Finding Myself in Books

Wildcat editor Amber Kim reflects on a reading journey that began with the beginning of the pandemic in March 2020.


Amber Kim

Wildcat editor Amber Kim surrounded by scenes and settings from literature. Kim rediscovered her love of reading during quarantine.

Growing up, stories about magical creatures and classic fairy tales infatuated me; they introduced me to new perspectives through the lives of their fictional characters. From timeless tales of princes saving damsels in distress to magical worlds of wizards and dragons, I loved it all. 

Ever since I was a little girl I’ve daydreamed about my favorite book’s stories, but when I transitioned from elementary school to Brea Junior High School, my taste in books transitioned as well. I graduated from only reading middle-grade fantasy novels to reading a wider range of genres including young adult, contemporary, adult fiction, classics, sci-fi, and historical fiction. At the junior high, books became intertwined in every facet of my life.

But changed when I entered Brea Olinda High School. Ninth grade was a jarring shift from middle school — more work, more rigorous classes, far less time to indulge in hobbies.

For the first two years of high school, I only read books that were assigned by my English teachers and I enjoyed only two: Great Expectations in ninth grade, and The Picture of Dorian Gray in tenth. 

Then, at the start of quarantine in March 2020, I was overjoyed by the fact that I could attend all of my classes via Zoom from my own home. But after a few weeks, I grew tired of the routines and my eyes became dry from constantly looking at a screen. There was nothing, it seemed then, that couple help me relieve the bottled-up stress.

But then I found Booktok. Booktok is a community of book lovers on TikTok that consists of recommendation videos on new book releases; profiles of underrated authors; and productions on popular book series. My love for literature was once again ignited. 

To combat the mundanity of online learning, I began purchasing books on Kindle. I started off my new book journey with Five Feet Apart, We Were Liars, Caraval, and Six of Crows. I wasn’t expecting much, I just wanted to be entertained.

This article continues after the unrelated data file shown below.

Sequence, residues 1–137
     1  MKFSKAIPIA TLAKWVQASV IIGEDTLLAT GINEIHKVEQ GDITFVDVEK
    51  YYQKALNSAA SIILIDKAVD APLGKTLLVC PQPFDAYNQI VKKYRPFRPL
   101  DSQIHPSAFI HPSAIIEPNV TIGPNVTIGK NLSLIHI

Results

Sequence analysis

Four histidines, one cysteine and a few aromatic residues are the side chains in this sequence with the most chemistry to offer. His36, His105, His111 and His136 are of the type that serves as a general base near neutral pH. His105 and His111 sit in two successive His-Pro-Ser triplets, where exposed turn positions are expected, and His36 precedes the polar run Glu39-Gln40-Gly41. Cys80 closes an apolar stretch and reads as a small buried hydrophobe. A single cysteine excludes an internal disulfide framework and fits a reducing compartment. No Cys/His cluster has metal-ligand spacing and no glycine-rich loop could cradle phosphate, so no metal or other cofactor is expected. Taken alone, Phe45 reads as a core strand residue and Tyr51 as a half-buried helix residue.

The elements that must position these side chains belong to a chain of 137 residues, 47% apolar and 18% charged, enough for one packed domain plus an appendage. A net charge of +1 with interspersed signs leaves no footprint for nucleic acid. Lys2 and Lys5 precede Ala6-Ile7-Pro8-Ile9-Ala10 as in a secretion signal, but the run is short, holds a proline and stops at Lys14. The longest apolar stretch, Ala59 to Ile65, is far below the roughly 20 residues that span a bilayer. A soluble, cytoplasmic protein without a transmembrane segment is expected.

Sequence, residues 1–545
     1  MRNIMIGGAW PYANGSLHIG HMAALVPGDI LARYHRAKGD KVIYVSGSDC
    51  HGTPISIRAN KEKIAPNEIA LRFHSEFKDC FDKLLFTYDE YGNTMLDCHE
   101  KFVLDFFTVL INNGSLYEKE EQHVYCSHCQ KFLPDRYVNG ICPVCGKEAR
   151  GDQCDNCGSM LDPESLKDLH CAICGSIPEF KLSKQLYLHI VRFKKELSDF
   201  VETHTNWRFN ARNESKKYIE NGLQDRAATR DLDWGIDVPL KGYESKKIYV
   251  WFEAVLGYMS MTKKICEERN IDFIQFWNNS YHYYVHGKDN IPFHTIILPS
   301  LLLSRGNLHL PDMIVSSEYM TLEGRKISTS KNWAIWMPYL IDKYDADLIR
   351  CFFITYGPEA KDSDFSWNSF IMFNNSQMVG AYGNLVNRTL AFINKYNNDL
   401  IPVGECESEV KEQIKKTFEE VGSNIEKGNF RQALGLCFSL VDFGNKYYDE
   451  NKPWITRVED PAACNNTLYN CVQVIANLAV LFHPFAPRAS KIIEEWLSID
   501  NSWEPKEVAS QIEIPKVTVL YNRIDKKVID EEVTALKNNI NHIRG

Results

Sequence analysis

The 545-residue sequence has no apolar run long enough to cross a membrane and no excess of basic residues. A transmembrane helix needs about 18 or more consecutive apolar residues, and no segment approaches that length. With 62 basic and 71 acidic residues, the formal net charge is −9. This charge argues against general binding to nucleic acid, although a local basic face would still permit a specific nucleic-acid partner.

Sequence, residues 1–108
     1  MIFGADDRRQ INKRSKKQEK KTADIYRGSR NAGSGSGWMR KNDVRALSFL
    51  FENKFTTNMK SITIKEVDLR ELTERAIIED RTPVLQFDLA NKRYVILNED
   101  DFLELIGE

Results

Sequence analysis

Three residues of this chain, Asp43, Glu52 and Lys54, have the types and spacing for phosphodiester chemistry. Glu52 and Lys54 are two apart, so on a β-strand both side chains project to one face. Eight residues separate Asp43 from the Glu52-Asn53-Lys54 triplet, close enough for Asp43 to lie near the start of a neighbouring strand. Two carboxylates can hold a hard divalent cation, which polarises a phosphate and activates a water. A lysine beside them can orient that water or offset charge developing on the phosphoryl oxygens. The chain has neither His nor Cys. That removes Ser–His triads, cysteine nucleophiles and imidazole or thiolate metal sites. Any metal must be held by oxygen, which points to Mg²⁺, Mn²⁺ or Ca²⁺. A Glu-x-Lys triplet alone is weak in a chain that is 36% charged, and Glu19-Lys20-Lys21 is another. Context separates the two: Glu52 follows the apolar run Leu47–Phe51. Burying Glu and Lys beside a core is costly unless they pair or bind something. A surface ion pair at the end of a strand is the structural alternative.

During summer vacation, I read at least one book per day. When I read, my surroundings blurred and the lines of ink etched onto the paper painted pictures that erupted to life in my imagination. 

“Books, she found, are a way to live a thousand lives — or to find strength in a very long one,” said V.E. Schwab in The Invisible Life of Addie LaRue. 

Truly, books took me to places that I could never have fathomed before, from the Victorian slums of Ketterdam in Six of Crows, to the ethereal courtyards of Terrasen in Throne of Glass. Like Roald Dahl said in Matilda, “the books transported her into new worlds and introduced her to amazing people who lived exciting lives.”

Books were once again my escape — from the pandemic, from the stress of SAT prep, from being confined to my home 24-hours a day. I read as a tool to slip away from everything that was going on in the world.

To me, books are magic portals (or “uniquely portable magic,” to author Stephen King) that send me on adventures with Frodo across Middle Earth, and experience “great expectations” with Pip and Estella.

Like any other coming-of-age story, my story with books wasn’t always smooth sailing, but quarantine gave me an opportunity to revive my passion for reading and to open up many new worlds to explore.